The killing of Cecil the lion has unleashed a river of emotion and empathy, not to mention death threats and demands for retribution. Wouldn’t it be nice if people merited the same concern?

Walter Palmer, the Minnesota dentist who killed Cecil the lion, has gone into hiding amid an international outcry over the death of the protected African lion, who was wearing a radio collar and being monitored by British researchers.

One of Palmer’s guides, Theo Bronkhorst, told Britain’s Daily Telegraph newspaper two days ago that after killing the lion, Palmer asked the guide if he could locate an elephant with tusks weighing more than 63 pounds, “which is a very large elephant,” Bronkhorst noted.

“I told him I would not be able to find one so big, so [he] left the next day,” Bronkhorst told the newspaper.

The Safari Operators Association of Zimbabwe stated that the way Cecil was lured out of a national park was unethical and have revoked Bronkhorst’s license. Prosecutors there have charged him with killing a lion not authorized to be hunted, and he faces up to 15 years in prison if convicted.

Meanwhile, here in the USA social media is on fire with vitriol and hatred, piling onto the troubles Palmer is facing, since his dental clinic is closed (see photo), his practice has vaporized and he’s being sought for extradition to Zimbabwe for illegally hunting in a game refuge.

Hundreds of online reviews have trashed his business. The hashtag #WalterPalmer is being used to inundate him with insults and death threats. A Facebook page called “Shame Lion Killer Dr Walter Palmer and River Bluff Dental” has more than 7,300 members. Callers to radio talk shows are offering to shoot him with a crossbow and watch him die. Even celebrities, such as Bob Barker and Mia Farrow, are weighing in with demands that Palmer be arrested right here, right now.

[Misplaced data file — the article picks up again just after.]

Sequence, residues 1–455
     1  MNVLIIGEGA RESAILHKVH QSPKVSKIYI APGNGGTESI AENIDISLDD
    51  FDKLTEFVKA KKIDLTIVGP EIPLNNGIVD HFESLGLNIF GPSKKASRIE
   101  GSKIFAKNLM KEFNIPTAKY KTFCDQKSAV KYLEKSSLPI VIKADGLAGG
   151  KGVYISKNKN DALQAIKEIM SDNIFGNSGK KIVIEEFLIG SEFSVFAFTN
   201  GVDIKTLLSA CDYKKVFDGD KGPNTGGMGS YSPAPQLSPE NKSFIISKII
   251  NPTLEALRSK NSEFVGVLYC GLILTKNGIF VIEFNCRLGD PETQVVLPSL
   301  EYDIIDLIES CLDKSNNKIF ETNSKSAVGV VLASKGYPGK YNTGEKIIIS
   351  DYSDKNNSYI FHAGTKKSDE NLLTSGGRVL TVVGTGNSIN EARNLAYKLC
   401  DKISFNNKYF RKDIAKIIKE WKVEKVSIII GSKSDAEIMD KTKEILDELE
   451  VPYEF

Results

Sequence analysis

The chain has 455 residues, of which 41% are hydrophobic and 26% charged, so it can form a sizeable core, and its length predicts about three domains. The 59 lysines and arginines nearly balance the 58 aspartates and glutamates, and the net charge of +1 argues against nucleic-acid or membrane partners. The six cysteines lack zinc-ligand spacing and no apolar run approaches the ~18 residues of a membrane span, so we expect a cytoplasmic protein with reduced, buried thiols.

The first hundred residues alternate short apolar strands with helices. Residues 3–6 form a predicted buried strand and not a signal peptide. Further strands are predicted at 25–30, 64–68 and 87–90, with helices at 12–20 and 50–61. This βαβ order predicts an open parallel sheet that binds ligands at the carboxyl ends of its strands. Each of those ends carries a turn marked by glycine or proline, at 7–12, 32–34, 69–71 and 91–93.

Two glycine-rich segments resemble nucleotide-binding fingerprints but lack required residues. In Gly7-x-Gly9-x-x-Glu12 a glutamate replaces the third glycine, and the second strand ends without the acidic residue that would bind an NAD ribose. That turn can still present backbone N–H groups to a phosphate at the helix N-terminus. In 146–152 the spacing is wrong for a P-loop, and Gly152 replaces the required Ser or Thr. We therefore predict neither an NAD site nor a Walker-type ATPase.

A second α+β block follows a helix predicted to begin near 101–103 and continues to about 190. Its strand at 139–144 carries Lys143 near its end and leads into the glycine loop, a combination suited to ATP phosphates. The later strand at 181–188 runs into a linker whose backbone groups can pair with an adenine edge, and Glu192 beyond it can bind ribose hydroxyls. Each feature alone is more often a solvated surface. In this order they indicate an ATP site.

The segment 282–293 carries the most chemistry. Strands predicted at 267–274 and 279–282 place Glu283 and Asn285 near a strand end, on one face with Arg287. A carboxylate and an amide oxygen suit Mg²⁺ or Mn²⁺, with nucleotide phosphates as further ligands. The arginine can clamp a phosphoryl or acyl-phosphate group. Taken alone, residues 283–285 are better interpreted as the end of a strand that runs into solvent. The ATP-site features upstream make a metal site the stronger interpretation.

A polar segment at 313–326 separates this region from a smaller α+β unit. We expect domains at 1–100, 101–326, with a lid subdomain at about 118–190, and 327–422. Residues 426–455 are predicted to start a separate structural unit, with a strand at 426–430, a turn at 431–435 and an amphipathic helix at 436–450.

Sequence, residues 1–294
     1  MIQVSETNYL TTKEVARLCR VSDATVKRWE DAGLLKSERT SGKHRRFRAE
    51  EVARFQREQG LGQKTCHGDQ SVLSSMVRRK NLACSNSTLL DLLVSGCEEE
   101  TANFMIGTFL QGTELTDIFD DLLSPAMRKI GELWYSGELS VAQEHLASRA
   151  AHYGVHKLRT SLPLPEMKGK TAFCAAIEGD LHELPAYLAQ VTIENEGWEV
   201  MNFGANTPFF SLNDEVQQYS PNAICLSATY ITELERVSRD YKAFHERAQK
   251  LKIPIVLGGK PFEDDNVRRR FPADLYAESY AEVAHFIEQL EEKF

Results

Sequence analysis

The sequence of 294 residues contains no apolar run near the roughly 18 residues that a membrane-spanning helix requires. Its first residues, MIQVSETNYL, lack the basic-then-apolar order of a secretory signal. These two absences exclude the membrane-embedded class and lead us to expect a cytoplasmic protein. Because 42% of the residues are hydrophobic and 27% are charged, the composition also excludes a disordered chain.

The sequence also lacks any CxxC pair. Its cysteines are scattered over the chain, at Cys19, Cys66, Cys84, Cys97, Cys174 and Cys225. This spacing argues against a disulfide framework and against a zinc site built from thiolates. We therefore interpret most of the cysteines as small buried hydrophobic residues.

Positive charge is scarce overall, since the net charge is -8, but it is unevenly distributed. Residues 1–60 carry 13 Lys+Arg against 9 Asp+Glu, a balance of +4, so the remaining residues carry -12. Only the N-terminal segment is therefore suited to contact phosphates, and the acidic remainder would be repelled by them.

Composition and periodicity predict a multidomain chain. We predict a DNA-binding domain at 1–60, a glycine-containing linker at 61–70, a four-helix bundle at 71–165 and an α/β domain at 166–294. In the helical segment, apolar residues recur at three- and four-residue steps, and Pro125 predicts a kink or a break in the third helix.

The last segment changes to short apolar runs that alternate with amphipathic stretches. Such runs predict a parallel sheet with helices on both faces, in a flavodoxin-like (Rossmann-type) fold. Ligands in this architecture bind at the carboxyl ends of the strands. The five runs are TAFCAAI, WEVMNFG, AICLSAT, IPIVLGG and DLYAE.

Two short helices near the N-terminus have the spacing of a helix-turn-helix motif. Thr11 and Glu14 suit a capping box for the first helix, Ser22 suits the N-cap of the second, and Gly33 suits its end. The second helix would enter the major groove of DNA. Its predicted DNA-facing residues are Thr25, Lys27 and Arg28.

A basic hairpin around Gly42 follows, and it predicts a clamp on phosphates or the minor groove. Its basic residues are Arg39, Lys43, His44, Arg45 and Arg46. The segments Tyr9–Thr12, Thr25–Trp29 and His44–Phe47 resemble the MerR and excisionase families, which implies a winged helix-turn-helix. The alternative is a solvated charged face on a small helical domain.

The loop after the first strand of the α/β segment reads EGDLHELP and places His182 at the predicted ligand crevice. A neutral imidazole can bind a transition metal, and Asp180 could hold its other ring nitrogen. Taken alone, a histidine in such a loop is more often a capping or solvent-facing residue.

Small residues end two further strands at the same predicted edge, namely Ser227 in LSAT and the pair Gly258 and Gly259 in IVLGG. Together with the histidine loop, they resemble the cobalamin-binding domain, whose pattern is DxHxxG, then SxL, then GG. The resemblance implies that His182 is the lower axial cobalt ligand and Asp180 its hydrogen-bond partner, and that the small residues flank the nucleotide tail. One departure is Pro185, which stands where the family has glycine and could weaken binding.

Which, of course, isn’t possible. The Endangered Species Act doesn’t apply to foreign countries, and even though the U.S. Fish and Wildlife Service is investigating the circumstances surrounding the lion’s killing, the object of their investigation isn’t around to answer any questions.

“At this point in time, multiple efforts to contact Dr. Walter Palmer have been unsuccessful,” Edward Grace, the service’s deputy chief of law enforcement, told the Associated Press. “We ask that Dr. Palmer or his representative contact us immediately.”

Yeah, that’ll happen.

An emotional outburst

Look, what Palmer and his guides did was reprehensible. Not only did they lure Cecil out of the national park by tying a dead animal to the front of their vehicle late at night, but the lion, wounded by an arrow from a crossbow, had to be tracked for a day-and-a-half until the hunters finally located him and dispatched him with a rifle.

Why did they use a crossbow? Apparently, Palmer is an avid bow hunter who has gone on guided trophy hunts for many different animals over the years. Plus, using a bow doesn’t damage the hide, which was taken off the lion, along with his head, presumably for mounting on the wall of whatever residence Palmer can hope to live in — assuming he’s not convicted and sentenced to prison in Zimbabwe.

There is a layer of irony here, however, in that the loudest voices demanding justice for Cecil — and justice should be rendered — are the same ones demanding that the federal government halt the sale of grazing leases, who accuse farmers and producers of torturing animals and who campaign for an immediate and total ban on hunting. Not only the kind of trophy hunting fat cats like Palmer indulge in, but even the controlled use of hunting to manage wildlife populations or provide needed food for people in rural areas.

Outrageous acts like Palmer’s give legitimacy to the entire animal activist agenda, and that is a most unfortunate part of the fallout from this unnecessary and tragic killing.

It would be nice if some of the angriest people issuing death threats on social media could re-direct some of that anger toward the problems that affect people, not just wildlife. But I won’t be holding my breath waiting for that to happen. It seems as if even routine news events these days cause some group of people somewhere to explode in rage and bitterness.

However, it would be nice to hear even a single commentator suggest that Africa, not to mention America, has issues that not only are connected to the pressures on wildlife from development and loss of habitat, but that are just as important as weeping over the demise of a single lion.

I get it that lions are an iconic species, that their numbers are shrinking dramatically and that trade in everything from rhino horns to tiger paws is part and parcel of why such species are disappearing due to poaching and illegal hunting.

I’m not suggesting that there shouldn’t be a reaction to the death of Cecil. Only that some of the energy and outrage his death has triggered ought to be focused on people who are dying needlessly.

And we don’t have to spend 40 hours hunting for the reasons why so many people in so many parts of the world — including right here at home — are suffering as badly as any lion on earth.

Dan Murphy is a food-industry journalist and commentator